On June 13, 2019, I stood before 600 insurance professionals to accept a tremendous honor. Gathering my courage, I thanked my wife for all of her support in helping me to lead my authentic life.
While the Insurance Industry Charitable Foundation’s (IICF) Inclusion Champion Award is a monumental honor, what happened the next day meant everything. A conference attendee told me she was terrified to let colleagues know of her 18-year relationship with her partner. My speech, she said, inspired her to come out at work.
In turn, her humbling authenticity inspired me. Embracing our true identity in the workplace demonstrates to others the importance of living an authentic life in work and beyond.
While I remain encouraged and motivated by the diversity, equity and inclusion (DE&I) progress being made in insurance and elsewhere, I recognize others feel frustrated and discouraged by what many are calling DE&I fatigue. This is a phenomenon where employees feel they are not seeing a recognizable shift in their environment after their employers announce big plans for DE&I.
Social strife during the pandemic fueled new energy and financial support for DE&I initiatives, yet some still see a lack of progress. They’re losing patience and feel corporate leaders are not prioritizing DE&I enough. But tremendous progress has been and will continue to be made; we just need to acknowledge it while also pressing for more.
To further progress, authenticity needs to be central to every insurance industry DE&I strategy. To avoid DE&I fatigue, incremental progress needs to be celebrated and actively discussed.
The Valuable Role of Authenticity in DE&I Initiatives
A 2022 survey conducted by the employer review site JobSage showed four in five employees have repressed some aspect of their identity—their family, sexual orientation or gender—for the sake of their career.
When employees feel forced to closet themselves, they not only feel guilt and shame; they are less productive. Fifty-five percent of respondents said hiding in plain sight harmed their mental health, leading to poor working relationships, decreased productivity and an inability to do their best work.
For much of my career, I did not feel I could bring my complete self to work. I had a seat at every strategic table at work, but I was excluded from the dinner table of colleagues. One brave soul told me others were afraid of who I might bring. It was easier to exclude me.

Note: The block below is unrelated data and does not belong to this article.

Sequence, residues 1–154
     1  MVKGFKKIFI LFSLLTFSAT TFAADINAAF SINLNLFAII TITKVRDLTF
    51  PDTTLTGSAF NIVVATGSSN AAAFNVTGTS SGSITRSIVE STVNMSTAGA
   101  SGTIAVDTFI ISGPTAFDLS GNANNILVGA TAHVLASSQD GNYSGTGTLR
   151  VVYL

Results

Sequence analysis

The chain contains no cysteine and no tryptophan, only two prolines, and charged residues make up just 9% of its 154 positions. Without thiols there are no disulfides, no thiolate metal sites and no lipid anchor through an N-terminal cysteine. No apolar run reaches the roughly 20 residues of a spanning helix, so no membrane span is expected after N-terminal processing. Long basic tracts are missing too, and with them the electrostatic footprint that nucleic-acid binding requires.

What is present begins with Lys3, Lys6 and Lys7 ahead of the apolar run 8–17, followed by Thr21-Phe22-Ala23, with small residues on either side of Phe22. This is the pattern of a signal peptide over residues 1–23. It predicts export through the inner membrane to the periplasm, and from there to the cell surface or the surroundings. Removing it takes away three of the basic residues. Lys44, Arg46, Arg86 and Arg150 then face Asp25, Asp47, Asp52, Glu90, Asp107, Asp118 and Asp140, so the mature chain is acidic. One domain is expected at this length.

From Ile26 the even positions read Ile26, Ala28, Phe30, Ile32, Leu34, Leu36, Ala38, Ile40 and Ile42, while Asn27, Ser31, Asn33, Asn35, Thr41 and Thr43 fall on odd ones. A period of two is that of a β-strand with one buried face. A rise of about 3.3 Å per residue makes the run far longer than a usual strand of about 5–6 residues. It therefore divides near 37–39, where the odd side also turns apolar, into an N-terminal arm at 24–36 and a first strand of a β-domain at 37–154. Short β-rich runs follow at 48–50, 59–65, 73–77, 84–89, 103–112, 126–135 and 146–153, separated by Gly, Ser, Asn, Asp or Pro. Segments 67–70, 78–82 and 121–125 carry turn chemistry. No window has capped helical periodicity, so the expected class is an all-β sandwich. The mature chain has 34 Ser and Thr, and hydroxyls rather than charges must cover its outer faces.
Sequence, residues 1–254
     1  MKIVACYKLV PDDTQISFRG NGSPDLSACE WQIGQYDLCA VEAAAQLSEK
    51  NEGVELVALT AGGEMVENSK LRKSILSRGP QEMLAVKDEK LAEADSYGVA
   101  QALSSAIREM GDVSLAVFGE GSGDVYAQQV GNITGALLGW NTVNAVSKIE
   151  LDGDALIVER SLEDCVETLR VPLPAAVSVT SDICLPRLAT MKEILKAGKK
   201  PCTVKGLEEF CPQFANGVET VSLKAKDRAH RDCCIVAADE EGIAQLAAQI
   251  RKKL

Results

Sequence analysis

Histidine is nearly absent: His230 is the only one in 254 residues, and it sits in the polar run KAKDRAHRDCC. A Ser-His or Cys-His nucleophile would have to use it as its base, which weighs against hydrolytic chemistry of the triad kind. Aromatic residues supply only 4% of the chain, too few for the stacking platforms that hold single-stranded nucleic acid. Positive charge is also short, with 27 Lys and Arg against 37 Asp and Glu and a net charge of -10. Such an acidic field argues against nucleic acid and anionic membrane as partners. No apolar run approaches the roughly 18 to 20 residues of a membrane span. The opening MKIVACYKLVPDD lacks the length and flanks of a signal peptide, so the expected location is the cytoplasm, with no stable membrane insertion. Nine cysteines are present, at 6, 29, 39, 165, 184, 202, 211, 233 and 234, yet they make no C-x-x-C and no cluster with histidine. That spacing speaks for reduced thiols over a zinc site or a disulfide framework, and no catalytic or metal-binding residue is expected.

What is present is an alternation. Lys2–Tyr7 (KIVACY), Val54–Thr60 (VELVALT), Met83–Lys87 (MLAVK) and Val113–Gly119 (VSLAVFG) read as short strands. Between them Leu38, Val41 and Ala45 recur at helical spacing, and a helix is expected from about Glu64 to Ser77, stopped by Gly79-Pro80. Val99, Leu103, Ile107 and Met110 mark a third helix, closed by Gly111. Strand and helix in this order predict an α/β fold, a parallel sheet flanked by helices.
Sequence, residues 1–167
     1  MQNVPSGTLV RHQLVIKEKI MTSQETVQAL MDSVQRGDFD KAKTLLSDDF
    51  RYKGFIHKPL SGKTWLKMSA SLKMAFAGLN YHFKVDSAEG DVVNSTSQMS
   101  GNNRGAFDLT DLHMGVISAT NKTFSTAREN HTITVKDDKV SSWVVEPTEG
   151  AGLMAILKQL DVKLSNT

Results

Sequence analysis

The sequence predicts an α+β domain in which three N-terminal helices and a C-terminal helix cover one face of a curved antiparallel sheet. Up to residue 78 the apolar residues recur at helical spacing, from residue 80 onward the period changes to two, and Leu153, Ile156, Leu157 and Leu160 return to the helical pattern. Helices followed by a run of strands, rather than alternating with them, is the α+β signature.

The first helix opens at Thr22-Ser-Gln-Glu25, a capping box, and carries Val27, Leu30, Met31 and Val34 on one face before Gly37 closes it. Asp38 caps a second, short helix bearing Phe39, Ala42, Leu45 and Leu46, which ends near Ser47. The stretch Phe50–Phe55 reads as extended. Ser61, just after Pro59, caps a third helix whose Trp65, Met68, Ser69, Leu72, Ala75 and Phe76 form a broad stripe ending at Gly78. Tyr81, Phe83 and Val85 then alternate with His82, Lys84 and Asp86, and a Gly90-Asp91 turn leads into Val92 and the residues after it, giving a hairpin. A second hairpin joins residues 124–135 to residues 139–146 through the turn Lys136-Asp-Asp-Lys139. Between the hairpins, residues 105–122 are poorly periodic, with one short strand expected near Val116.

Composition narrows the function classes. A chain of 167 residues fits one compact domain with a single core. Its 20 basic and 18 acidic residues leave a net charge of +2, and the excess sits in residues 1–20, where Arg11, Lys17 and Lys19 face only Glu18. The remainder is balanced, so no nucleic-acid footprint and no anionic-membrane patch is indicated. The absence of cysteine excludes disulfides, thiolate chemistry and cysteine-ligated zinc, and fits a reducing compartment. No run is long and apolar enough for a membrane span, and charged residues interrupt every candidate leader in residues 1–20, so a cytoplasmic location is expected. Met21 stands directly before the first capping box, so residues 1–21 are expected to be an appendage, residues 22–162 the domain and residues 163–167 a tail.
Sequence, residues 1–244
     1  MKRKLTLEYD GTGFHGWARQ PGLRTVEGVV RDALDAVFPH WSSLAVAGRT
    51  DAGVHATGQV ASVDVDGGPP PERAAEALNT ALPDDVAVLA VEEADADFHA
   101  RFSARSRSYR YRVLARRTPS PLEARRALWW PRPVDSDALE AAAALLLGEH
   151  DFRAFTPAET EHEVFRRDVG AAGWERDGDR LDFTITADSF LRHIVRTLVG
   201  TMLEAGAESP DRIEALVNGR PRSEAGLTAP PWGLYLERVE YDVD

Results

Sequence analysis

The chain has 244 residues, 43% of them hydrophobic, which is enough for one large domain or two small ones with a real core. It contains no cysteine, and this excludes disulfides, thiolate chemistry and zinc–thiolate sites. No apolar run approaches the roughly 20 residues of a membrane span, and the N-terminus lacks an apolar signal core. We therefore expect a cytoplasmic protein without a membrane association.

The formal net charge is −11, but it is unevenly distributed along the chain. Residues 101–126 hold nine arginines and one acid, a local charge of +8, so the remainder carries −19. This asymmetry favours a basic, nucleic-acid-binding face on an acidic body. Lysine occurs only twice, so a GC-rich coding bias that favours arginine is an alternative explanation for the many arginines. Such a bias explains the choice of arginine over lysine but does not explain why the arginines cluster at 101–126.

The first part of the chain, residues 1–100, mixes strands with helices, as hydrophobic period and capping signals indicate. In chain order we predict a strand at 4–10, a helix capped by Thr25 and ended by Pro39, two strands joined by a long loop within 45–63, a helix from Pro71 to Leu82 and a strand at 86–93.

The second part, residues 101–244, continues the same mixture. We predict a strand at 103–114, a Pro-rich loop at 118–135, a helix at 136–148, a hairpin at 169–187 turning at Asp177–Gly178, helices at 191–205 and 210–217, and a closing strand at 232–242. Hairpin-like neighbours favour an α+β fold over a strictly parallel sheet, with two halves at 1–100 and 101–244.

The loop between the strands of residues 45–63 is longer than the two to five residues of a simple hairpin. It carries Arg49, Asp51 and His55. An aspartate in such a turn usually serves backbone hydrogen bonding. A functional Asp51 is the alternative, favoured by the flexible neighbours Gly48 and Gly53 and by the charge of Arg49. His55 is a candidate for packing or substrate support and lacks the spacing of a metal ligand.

When I joined Newfront, I wove the phrase “my wife” into a conversation with Kurt de Grosz, executive chairman, and Brian Heatherington, president. It terrified me. However, Brian and Kurt responded with visible excitement. They shared why DE&I was important to them, and I felt welcomed. It opened the door for authentic conversations and connection. Both men encouraged me to weave my personal life into my work life to support the Newfront ethos: work, love, play. Leadership can and should set the tone to create a positive workplace that supports your authentic self.
To develop an authentic environment as part of your DE&I initiatives, employers should create opportunities for individuals to connect outside of the workday.
At Newfront, we have focused on gathering in person as COVID-19 restrictions lifted. Whether it was an adventure with clients like deep-sea fishing or something as simple as a group dinner, the opportunity to gather for a common purpose and connect over something aside from work has opened the door to personal authenticity. These activities have also strengthened professional relationships and created a more productive environment.
Combating DE&I Fatigue
Despite our best efforts, many companies are reporting DE&I fatigue. Many of us remember the rush to ramp up DE&I initiatives in response to social pressures including the murder of George Floyd. This event and others served as catalysts for many organizations to embrace and incorporate DE&I for the first time. That such tragic events were needed to better embrace DE&I was discouraging and tiring, particularly for those from marginalized communities or who had been driving DE&I work with employers for years prior.
Simultaneously, hybrid and remote work models have complicated our industry’s ability to create the types of cultural changes needed for long-term DE&I success. And political backlash, including pending and proposed legislation in various states, against DE&I efforts slows progress on sustainable programs and can lead to discouragement and disinterest.
To combat these challenges, leaders and employees must understand there won’t be a eureka moment on DE&I. Instead, success will be incremental over time. We should help organization leaders identify and celebrate small wins to maintain enthusiasm.
Quantifying goals leads to success. Many Silicon Valley tech companies post DE&I-related metrics on their websites. Such metrics help hold individuals and companies accountable to achieve their stated DE&I goals.
Creating concise programming and connection points also helps. Leadership can encourage employees to participate in industry-focused advocacy groups such as LINK, an organization focused on improving the insurance experience for employees in the LGTBQ+ community. The IICF, which hosts the Inclusion in Insurance Global Conference, is another outstanding resource for robust conversation around DE&I.
When we empower others to do the right thing, good things follow for our business, our employees and each other. We can continue to do this despite any lack of time, buy-in from the top or fatigue. Let’s continue to remind each other to keep up the momentum—to encourage authenticity and further DE&I initiatives. It will be worth the wait.